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Aug. 29, 2013, 12:32 p.m.

If you use WordPress, you too can have tweetable sentences like in that New York Times SNL story

This plugin lets you pre-select certain tweetworthy sentences in your posts .

You may have noticed a few days ago that The New York Times continued its admirable attempts to innovate in how news site’s article pages should look. In this piece on auditioning for Saturday Night Live, Times staff highlighted a number of quotes from the piece and made them individually tweetable. It looked like this:

nytimes-tweetable-text-snl

(Andrew Beaujon had a good writeup at Poynter.)

I thought that was a nifty idea and wanted to see if I could make it work here at Nieman Lab. Turns out I could! You can see the first couple examples if you scroll down a bit in Caroline’s just-posted story on Localore:

niemanlab-tweetable-text

Now you can do the same on your WordPress-based site.

Most of the work here is done by a year-old WordPress plugin called Tweetable Text, written by Salim Virani. (You can see it in effect on his site.) It does the job, but there were a few things I wanted to change: improving how the highlighted text and hover buttons are displayed; avoiding its use of Twitter’s tweet button code; and allowing the text-to-be-tweeted to be different from the exact text that is highlighted in the story. So I made those and a few other small changes in Salim’s code; you can check out my new version of the WordPress plugin right here.

How to use it

— Download this file; unpack it, and upload tweetable-text.php to your WordPress plugins directory. Activate the plugin in your WordPress interface.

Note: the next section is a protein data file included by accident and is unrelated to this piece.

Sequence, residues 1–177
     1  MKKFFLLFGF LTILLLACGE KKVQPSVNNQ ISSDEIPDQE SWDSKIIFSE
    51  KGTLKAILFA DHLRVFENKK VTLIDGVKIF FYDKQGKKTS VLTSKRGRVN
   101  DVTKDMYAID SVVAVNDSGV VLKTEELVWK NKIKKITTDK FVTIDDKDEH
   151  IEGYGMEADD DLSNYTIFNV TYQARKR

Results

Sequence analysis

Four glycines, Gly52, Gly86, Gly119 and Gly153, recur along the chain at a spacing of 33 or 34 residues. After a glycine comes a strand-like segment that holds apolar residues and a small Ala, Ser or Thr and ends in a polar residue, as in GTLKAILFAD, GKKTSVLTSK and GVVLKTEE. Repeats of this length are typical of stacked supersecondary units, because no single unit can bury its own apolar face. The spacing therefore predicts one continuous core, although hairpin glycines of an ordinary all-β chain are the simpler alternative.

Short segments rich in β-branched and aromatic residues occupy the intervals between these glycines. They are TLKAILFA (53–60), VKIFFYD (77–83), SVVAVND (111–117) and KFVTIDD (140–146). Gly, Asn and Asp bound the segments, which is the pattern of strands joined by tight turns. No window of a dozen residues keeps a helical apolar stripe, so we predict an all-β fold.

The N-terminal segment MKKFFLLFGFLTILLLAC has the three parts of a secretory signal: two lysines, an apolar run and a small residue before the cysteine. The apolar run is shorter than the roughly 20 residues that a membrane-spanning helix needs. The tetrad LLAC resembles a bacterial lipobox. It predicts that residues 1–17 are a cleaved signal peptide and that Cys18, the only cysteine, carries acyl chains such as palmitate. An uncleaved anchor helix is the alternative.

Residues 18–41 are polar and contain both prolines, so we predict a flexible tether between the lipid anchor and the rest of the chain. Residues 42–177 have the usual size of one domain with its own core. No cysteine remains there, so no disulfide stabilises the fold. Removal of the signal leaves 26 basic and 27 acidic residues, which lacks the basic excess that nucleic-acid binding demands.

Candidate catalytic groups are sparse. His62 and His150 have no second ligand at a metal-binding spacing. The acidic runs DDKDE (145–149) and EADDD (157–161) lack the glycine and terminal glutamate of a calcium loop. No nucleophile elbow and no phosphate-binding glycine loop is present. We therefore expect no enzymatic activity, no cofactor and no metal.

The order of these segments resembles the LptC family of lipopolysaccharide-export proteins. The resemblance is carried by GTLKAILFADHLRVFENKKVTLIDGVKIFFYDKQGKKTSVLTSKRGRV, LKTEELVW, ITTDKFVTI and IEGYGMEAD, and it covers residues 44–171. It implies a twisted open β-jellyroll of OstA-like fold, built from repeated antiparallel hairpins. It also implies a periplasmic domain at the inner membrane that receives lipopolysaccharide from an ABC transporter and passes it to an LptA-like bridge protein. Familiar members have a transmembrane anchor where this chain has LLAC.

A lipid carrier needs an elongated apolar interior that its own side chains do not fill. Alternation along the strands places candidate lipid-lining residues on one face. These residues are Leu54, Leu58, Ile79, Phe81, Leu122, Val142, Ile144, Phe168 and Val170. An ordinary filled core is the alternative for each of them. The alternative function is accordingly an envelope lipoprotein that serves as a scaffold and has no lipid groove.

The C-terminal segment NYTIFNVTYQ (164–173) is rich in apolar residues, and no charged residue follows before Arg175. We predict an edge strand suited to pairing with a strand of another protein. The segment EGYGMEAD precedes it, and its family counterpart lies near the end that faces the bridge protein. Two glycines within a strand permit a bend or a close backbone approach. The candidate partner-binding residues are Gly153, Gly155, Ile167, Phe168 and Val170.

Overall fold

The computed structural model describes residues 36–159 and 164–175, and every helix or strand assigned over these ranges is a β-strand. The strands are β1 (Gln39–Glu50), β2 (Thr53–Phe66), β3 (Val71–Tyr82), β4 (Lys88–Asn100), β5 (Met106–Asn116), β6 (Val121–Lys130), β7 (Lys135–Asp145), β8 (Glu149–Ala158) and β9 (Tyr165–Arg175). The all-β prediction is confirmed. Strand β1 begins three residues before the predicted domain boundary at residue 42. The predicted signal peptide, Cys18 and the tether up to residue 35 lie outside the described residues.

— Make sure you’re using Font Awesome, the awesome icon font, which is required to generate the little Twitter bird at phrase’s end. You can do that by simply adding

<link href="//netdna.bootstrapcdn.com/font-awesome/3.1.1/css/font-awesome.css" rel="stylesheet">

to your site’s <head>. (If you don’t want to use Font Awesome, you can either delete the &thinsp;<i class='icon-twitter' style='color: #ed2e24;'></i> on line 36 of the plugin — or replace it with a call to a Twitter-bird image. Or just change the layout however you’d like!)

— Then, in any WordPress post, if you want to make a sentence or phrase tweetable, wrap it in [tweetable] and [/tweetable]. So for example, the paragraph pictured above looks like this on the backend:

Schardt says that [tweetable]finding creative journalists with an awareness of what technologies are available to them is half the battle.[/tweetable] The advancements themselves outpace the average newsroom’s awareness and ability, but funding continues to be overwhelmingly aimed at furthering these platforms — while journalists struggle to keep up.

— If you want the tweet text to be something other than what’s literally between those [tweetable] tags, add an alt parameter like this:

Schardt says that [tweetable alt="This is actually the text that will show up in the tweet."]finding creative journalists with an awareness of what technologies are available to them is half the battle.[/tweetable] The advancements themselves outpace the average newsroom’s awareness and ability, but funding continues to be overwhelmingly aimed at furthering these platforms — while journalists struggle to keep up.

— If you want to add hashtags to the tweet, you can also add a hashtag parameter:

Schardt says that [tweetable hashtag="#journalism #publicmedia"]finding creative journalists with an awareness of what technologies are available to them is half the battle.[/tweetable] The advancements themselves outpace the average newsroom’s awareness and ability, but funding continues to be overwhelmingly aimed at furthering these platforms — while journalists struggle to keep up.

(You can use alt and hashtag together if you want. Or you can just include your hashtags within your alt text, if you’d like.)

My instinct is that this is a tool to be used sparingly; littering your stories with calls-to-tweet is likely to have the same impact as throwing 80 social sharing buttons on a page: annoying your readers. But I think I’ll be trying this out a bit — specifically on stories with great quotes that are just begging to be shared. (And by all means, make my code better! Would love to hear how you’re using it or how it could be made better.)

POSTED     Aug. 29, 2013, 12:32 p.m.
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